Rated 6 out of 10

Good

Zero Time Dilemma is the weakest game in the trilogy, yet it's an unmissable piece of the puzzle that every Zero Escape fan needs to play. It isn't the satisfying conclusion hoped for, it has some uninteresting characters, and the pacing is off, but even with the unanswered questions, there is still a story here that warrants playing through, especially as it develops and wraps up the arcs of the familiar, better and more important characters in the overall narrative.

Developer

Chime

Publisher

Aksys

Genre

Adventure

Players

1

C3 Score

Rated $score out of 10  6/10

Reader Score

Rated $score out of 10  0 (0 Votes)

European release date Out now   North America release date Out now   Japan release date Out now   Australian release date Out now   

Comments

Argh, really tough one, since it sounds like it could frustrate me enough to leave a really bad taste in my mouth, spoiling the previous games slightly. I was always unsure how a third game would be approached - future or jump back - but that was when there was hope a third, fourth, and beyond game would be made Knowing the struggle to get this one out, and seeing it underperform in Japan on both formats, makes you wonder if this is it...done...dusted. And, if so, from your review, I'd possibly rather avoid it than have even more unanswered questions.

Adam Riley [ Director :: Cubed3 ]

I still think fans of the other two games need to play this one, as it most definitely does clear some things up between 999 and VLR. Plus, these are such unique games in the genre that they shouldn't go overlooked. It might not seem like too much is left unexplained at first, but when you go back to the end of VLR, and after it was promised that what happens there will be explained in the third game, it's disappointing to see these things have gone totally ignored.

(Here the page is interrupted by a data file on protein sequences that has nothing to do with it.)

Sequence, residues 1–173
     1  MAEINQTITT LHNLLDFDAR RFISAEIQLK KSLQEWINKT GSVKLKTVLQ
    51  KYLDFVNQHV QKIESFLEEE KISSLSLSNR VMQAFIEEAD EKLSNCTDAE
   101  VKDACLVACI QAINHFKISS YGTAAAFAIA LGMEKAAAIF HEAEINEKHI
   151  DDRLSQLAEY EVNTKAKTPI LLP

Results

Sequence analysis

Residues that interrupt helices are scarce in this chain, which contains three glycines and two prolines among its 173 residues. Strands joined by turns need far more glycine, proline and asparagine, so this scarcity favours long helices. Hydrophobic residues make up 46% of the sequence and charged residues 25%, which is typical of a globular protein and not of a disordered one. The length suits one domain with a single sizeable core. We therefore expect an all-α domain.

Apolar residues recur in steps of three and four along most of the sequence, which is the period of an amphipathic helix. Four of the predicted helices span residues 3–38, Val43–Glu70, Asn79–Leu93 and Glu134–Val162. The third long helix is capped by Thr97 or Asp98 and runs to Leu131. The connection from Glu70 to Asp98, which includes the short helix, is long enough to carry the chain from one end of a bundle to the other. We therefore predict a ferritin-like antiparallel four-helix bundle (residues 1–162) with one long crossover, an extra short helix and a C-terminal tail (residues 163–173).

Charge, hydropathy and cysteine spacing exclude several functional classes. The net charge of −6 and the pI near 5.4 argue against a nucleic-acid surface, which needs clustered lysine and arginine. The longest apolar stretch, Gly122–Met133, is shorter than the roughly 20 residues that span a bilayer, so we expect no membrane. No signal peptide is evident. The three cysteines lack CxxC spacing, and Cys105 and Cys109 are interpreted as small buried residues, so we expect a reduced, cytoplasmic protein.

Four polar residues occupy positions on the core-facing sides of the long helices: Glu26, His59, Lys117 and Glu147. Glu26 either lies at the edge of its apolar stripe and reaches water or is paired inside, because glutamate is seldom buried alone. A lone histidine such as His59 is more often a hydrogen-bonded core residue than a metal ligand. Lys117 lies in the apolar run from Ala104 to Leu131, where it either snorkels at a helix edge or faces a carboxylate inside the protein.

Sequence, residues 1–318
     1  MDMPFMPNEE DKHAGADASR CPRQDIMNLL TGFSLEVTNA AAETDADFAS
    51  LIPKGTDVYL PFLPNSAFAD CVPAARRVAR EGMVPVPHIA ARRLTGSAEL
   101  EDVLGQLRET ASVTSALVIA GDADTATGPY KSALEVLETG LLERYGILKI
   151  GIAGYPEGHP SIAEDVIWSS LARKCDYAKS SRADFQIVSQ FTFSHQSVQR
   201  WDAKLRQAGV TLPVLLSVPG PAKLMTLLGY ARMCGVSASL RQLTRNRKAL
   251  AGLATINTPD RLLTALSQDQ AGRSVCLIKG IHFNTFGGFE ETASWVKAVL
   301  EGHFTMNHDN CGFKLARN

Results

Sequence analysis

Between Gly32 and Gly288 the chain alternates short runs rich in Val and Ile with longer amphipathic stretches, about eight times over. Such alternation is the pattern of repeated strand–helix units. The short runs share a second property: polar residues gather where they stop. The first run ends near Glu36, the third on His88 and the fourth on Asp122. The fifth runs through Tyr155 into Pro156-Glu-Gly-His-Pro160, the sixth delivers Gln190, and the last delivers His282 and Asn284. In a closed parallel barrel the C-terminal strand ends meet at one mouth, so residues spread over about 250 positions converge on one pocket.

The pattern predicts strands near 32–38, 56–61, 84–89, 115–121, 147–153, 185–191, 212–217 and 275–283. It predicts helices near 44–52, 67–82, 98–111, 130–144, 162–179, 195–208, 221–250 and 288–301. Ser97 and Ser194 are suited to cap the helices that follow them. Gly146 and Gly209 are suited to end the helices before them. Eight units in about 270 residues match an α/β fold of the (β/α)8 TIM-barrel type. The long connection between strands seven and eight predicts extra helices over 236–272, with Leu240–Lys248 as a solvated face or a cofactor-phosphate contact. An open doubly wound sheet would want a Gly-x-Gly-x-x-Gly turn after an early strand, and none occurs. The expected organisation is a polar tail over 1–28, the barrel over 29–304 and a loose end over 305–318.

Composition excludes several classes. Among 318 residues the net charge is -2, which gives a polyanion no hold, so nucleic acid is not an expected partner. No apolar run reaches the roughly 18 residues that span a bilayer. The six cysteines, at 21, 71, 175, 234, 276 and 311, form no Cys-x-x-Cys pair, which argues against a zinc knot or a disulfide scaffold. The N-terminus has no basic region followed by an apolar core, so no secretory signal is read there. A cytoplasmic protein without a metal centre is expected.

To clear up who I mean from VLR:



These two should have been explained, but they weren't. And now, if it's true that no fourth game will happen, it's a big plot hole. I can only hope a fourth one set after VLR does happen, but something tells me this is one of those where it's left up to the imagination (a bit of a cop-out if you ask me, because I feel we deserve explanations).

There are some really good characters in ZTD (a few lame ones, too tho), so do think it is worth playing, but perhaps wait for a sale beforehand, and don't expect something quite as good as the other two games.

Just spotted that it's out on PC as well - didn't realise that! Time to get my hands on it... Smilie

Adam Riley [ Director :: Cubed3 ]

Ah, yes! I'm liking this new trend of bringing just about everything to Steam at the moment. Very good for the industry.

Dang only a 6?  Im currently plowing VLR and the story is super sick.

Yep, 999 and VLR are awesome. This was a proper letdown coming off the back of those two. So keep those expectations in check and you might enjoy this a little better. Still good, but just not great like those two.